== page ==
With the days getting shorter and cooler, it means it is that time of the year to make sure everyone in the family is ready with the essentials: winter coats, snow pants, boots, mittens, hats and flu shots.
According to the Centers for Disease Control and Prevention (CDC):
Everyone 6 months of age and older should get a yearly flu vaccine, including healthy people and people with chronic medical conditions.
It’s a common scenario – the kids come home from school one day and start talking about something they want. Maybe it’s a new video game, a new phone, or to go on a trip to some far locale. And inevitably it includes the phrase, “but everyone else has one, and I’m the only one who doesn’t!” (or something similar).
As a parent it can be difficult – after all, we are all familiar with feeling left out. And perhaps we’re even a bit worried on how we’ll be judged by other parents. Social media can increase that pressure, too – pictures of seemingly perfect birthday parties with coordinating colors and cute themes; smiling family vacation photos from Disney World; presents overflowing from beneath the Christmas tree; endless photos of successful sports activities. It just doesn’t seem to end.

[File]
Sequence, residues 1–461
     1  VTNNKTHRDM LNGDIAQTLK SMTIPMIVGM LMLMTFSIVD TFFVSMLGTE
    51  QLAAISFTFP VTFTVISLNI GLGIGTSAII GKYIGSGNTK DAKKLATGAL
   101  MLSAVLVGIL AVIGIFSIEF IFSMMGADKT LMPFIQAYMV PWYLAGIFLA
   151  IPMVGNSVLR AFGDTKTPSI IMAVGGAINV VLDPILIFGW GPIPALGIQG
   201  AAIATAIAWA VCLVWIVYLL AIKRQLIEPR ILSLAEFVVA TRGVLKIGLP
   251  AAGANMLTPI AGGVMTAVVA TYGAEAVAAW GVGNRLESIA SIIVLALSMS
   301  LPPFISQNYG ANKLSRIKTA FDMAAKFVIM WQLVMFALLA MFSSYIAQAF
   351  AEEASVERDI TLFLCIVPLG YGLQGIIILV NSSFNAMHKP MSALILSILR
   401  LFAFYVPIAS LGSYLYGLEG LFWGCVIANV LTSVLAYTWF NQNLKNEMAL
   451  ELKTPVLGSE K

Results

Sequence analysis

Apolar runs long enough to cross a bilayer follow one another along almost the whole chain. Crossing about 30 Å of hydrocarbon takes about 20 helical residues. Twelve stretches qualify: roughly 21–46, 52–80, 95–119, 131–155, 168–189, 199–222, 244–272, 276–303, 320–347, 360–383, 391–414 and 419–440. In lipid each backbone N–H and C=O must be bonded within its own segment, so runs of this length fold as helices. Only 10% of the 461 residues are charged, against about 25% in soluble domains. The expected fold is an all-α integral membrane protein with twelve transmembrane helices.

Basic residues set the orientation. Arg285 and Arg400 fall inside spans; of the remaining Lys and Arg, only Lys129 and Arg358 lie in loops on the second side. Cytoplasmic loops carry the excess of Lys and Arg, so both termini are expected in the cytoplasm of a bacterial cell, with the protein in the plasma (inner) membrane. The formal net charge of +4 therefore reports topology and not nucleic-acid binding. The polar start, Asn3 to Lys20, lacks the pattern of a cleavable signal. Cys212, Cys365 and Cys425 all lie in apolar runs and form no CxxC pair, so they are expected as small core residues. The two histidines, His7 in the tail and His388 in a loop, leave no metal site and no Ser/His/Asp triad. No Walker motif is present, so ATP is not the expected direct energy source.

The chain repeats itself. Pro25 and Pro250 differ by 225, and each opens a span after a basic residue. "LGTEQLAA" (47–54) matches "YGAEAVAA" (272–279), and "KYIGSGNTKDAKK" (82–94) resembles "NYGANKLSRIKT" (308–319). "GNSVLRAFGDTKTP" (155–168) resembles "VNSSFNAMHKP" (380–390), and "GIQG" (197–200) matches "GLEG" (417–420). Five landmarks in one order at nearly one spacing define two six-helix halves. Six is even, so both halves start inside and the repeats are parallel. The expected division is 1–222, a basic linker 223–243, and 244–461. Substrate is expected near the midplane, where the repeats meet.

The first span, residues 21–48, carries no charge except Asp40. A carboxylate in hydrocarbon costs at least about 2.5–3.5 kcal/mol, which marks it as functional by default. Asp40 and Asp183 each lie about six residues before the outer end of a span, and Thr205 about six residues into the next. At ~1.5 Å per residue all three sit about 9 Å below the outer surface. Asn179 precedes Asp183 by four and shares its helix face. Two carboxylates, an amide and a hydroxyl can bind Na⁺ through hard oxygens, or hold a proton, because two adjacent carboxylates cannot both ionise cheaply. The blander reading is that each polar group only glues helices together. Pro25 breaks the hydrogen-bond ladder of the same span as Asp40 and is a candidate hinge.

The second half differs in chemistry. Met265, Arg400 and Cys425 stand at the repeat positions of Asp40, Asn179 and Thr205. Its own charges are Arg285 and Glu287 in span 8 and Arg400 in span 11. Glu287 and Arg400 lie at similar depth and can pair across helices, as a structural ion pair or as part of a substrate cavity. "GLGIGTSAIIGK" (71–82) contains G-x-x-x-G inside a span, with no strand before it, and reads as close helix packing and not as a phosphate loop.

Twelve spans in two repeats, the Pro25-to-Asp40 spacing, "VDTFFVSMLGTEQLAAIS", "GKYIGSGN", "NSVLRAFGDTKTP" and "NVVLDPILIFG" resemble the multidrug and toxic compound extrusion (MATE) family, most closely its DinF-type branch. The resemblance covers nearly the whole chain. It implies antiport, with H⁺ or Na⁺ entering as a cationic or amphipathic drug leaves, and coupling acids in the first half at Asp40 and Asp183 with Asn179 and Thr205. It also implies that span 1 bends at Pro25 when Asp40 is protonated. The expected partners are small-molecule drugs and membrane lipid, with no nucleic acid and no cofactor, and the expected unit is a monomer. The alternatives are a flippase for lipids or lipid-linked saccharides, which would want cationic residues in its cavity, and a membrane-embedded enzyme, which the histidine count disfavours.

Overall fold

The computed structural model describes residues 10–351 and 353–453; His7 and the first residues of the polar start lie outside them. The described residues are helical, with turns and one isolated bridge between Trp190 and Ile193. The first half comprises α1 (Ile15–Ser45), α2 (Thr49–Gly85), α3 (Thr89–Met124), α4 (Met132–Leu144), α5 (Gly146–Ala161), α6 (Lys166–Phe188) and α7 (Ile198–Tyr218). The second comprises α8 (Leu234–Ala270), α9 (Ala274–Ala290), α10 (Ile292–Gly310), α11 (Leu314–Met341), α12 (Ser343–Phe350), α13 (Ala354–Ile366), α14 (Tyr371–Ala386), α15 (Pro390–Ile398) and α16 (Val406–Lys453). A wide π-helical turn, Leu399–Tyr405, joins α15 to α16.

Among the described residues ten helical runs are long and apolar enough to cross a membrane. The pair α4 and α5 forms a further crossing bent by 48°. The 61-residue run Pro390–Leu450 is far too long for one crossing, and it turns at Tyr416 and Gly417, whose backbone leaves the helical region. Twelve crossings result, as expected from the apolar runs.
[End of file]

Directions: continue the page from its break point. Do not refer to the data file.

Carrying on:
Many of us remember our parents’ reaction when we were caught in a lie or remember when our children told us a lie. It often comes as a shock to parents. The reality is that all children lie at some point. It’s a normal part of a development. As the American Academy of Pediatrics (AAP) explains, the act of lying demonstrates that their conscience is working. While it can be upsetting when kids lie or stretch the truth, the reasons they do so vary by age. And, how we react can make a big difference on their future behavior.
I recently lost my father, whom I love so dearly and deeply.
It has only been a few months, but I feel that I can offer something in this blog to families as a mother, as a pediatrician, and as a daughter. If you are placed in this situation, it is important to understand that you cannot be the perfect parent/caregiver as you help your children. Even with perfect finesse, insight and resources, this process will still be difficult for your child.
Some people swear by garage and yard sales. They can certainly help stretch tight family budgets by being a great source for gently used baby and toddler items. But, there are important things to keep in mind when you’re considering that “good deal.”
One of the challenges, whether you are a buyer or a seller at a garage sale, is knowing the recall history of items. Unless you make a point of checking the Consumer Product Safety Commissions website (cpsc.gov), you may not be aware an item has been recalled. These items pose a life-threatening danger to infants and children so it is important not to take any chances.